# Linear Algerba - Finding linearly independent vectors

1. Dec 12, 2008

### Moomax

Hi guys,

I am solving a problem in the form: (ATx=0 where A is a matrix of known numbers and I am solving for x. After performing reduction and multiplying ATx, I am left with the following equations:

-X1 + X4 - X5 = 0

-X2 + X4 = 0

-X3 + X4 -X5 + 28X6 = 0

From these equations, I am trying to find the linearly independent vectors however, I am not sure how to do this. I tried pulling out a linear book but I couldn't make straight forward sense of the procedure. Can anyone help me out? Thanks!

2. Dec 12, 2008

### christianjb

I may be missing the scampi for the bees, but those aren't vectors, they're parametric eqn's, which describe surfaces.

Solving these equations is equivalent to finding the intersection of the three surfaces. I count 6 unknowns and 3 eqns, in which case the solution will be a 3D relation.

3. Dec 12, 2008

### crazyjimbo

I'm not sure where linear independence comes into it but if X1, ..., X6 are the components of your vector then like christianjb says you will only be able to fix a 3D subspace, where all vectors in it satisfy your equation.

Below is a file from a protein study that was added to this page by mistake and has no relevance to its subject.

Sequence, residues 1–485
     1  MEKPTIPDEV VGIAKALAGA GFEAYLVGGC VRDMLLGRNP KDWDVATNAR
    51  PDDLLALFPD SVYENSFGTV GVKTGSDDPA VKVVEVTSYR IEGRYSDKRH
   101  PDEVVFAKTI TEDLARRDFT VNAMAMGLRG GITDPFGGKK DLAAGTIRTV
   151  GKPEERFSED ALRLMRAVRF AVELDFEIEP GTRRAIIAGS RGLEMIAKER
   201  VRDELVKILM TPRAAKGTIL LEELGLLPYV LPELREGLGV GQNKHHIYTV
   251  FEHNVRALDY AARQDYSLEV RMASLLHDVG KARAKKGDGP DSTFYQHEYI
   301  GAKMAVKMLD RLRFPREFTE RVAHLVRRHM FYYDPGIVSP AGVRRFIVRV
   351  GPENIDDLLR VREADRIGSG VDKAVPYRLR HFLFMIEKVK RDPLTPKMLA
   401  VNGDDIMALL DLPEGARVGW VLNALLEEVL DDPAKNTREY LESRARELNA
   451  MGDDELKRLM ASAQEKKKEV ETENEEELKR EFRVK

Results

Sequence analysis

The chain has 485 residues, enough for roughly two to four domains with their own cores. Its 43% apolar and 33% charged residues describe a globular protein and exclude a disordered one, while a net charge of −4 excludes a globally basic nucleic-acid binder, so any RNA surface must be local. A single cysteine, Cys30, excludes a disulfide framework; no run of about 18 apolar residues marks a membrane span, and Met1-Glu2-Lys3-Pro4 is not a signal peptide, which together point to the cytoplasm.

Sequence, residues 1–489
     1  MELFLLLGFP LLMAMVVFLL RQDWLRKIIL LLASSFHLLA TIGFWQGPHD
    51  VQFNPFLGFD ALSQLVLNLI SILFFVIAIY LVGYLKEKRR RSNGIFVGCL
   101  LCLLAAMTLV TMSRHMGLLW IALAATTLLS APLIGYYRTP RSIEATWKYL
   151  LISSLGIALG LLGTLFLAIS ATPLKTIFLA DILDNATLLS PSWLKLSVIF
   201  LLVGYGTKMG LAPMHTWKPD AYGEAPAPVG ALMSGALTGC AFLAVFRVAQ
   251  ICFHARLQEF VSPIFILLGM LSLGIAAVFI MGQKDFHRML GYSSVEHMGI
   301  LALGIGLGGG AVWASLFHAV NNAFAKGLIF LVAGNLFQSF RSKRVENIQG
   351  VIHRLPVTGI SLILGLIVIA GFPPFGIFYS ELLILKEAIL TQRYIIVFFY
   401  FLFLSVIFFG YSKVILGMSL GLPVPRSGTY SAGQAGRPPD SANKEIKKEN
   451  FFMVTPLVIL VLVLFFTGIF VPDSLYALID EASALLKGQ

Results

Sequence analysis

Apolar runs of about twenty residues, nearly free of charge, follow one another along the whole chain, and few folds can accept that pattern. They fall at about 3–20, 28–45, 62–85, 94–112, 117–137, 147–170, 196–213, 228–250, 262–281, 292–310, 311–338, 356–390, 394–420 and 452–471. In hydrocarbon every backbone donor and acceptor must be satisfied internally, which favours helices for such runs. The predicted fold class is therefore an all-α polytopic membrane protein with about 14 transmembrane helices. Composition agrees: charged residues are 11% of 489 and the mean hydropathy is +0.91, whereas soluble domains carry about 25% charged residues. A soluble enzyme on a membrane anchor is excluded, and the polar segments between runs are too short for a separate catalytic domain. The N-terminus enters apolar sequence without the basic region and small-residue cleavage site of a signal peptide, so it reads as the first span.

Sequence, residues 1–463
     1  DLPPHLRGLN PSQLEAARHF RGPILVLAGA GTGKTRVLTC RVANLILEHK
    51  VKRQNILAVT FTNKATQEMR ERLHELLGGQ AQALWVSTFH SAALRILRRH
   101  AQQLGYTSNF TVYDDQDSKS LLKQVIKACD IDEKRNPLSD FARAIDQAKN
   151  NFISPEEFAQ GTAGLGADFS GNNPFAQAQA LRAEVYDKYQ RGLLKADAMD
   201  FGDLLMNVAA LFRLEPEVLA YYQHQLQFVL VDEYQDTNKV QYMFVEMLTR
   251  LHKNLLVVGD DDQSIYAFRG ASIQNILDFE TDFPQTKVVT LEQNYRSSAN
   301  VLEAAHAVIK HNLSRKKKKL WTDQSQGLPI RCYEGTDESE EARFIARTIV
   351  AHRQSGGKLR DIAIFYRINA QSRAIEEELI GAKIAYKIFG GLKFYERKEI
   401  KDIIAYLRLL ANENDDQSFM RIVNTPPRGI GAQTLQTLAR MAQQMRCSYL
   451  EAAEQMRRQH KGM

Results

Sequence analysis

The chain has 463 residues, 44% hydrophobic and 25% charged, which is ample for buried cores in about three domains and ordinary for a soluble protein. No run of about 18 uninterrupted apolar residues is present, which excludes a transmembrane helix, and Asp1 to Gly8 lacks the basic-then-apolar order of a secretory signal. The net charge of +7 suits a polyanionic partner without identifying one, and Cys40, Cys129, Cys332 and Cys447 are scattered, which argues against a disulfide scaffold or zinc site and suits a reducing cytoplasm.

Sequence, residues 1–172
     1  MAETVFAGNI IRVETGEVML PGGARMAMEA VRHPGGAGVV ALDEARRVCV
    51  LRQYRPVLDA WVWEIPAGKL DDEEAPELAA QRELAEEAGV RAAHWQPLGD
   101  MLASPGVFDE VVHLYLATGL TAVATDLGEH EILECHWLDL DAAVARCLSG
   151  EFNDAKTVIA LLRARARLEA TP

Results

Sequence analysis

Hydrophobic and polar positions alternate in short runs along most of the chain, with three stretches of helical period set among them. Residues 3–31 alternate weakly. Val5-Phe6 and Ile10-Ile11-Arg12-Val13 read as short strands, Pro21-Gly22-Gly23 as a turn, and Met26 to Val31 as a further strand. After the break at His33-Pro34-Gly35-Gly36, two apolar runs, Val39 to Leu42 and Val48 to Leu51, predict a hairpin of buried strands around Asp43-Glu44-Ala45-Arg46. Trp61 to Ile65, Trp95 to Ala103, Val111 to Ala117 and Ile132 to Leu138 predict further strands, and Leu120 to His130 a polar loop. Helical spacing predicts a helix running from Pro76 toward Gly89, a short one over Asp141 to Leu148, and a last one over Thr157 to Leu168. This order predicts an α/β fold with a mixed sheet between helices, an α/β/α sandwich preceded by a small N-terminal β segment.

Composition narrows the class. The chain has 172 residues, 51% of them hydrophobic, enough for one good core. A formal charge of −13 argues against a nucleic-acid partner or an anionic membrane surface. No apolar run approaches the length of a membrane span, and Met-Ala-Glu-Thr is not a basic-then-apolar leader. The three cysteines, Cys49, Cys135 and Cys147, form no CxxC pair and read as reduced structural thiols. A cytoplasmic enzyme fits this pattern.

If you just need one specific solution, try fixing X1, X2 and X3. You'll then be able to calculate X4, X5 and X6 from your equations.

4. Dec 12, 2008

### HallsofIvy

So X5= X4- X1

and X2= X4

X3= X4- X5+ 28X6
= X4- (X4- X1)+ 28X6
= X1+ 28X6

So X5, X2, and x3 can be written in terms of X1, X4, and X6.

Now, take X11= 1, X4= x6= 0. Then X5= -1, X2= 0, and X3= 1. One solution is <1, 0, 1, 0, -1, 0>.

Take X4= 1, X1= X6= 0. Then X5= 1, X2= 1, and X3= 0. Another solution is <0, 1, 0, 1, 1, 0>.

Take X6= 1, X1= X4= 0. Then X5= 0, X2= 0, and X3= 28. A third solution is <0, 0, 28, 0, 0, 1>.

The three vectors, <1, 0, 1, 0, -1, 0>, <0, 1, 0, 1, 1, 0>, and <0, 0, 28, 0, 0, 1> form a basis for the solution space.

5. Dec 12, 2008

### Moomax

HallsofIvy is on the right track with what I mean. But I am still a little bit confused about the actual proceedure.

Like what made you simplify the equations the way you did? When I was playing around with them trying to simpify it never occured to me to set them equal the way you did.

Also after that was done, what made you pick the variables you did to equal 0 while others equal to 1?

6. Dec 12, 2008

### HallsofIvy

I was just "solving" the equations. It would be nice if we could solve the equations for specific numbers (in which case the solution space would be the trivial subspace, containing only (0,0,0)) but here we can't. So we do the best we can. Since there are three (independent) equations, we can solve for three values- in terms of the other three. In this problem, ANY three can be solved for in terms of the other three. I just chose the easiest.

As for setting one variable equal to 1 and the others 0, that guarantees that the vectors you get will be independent.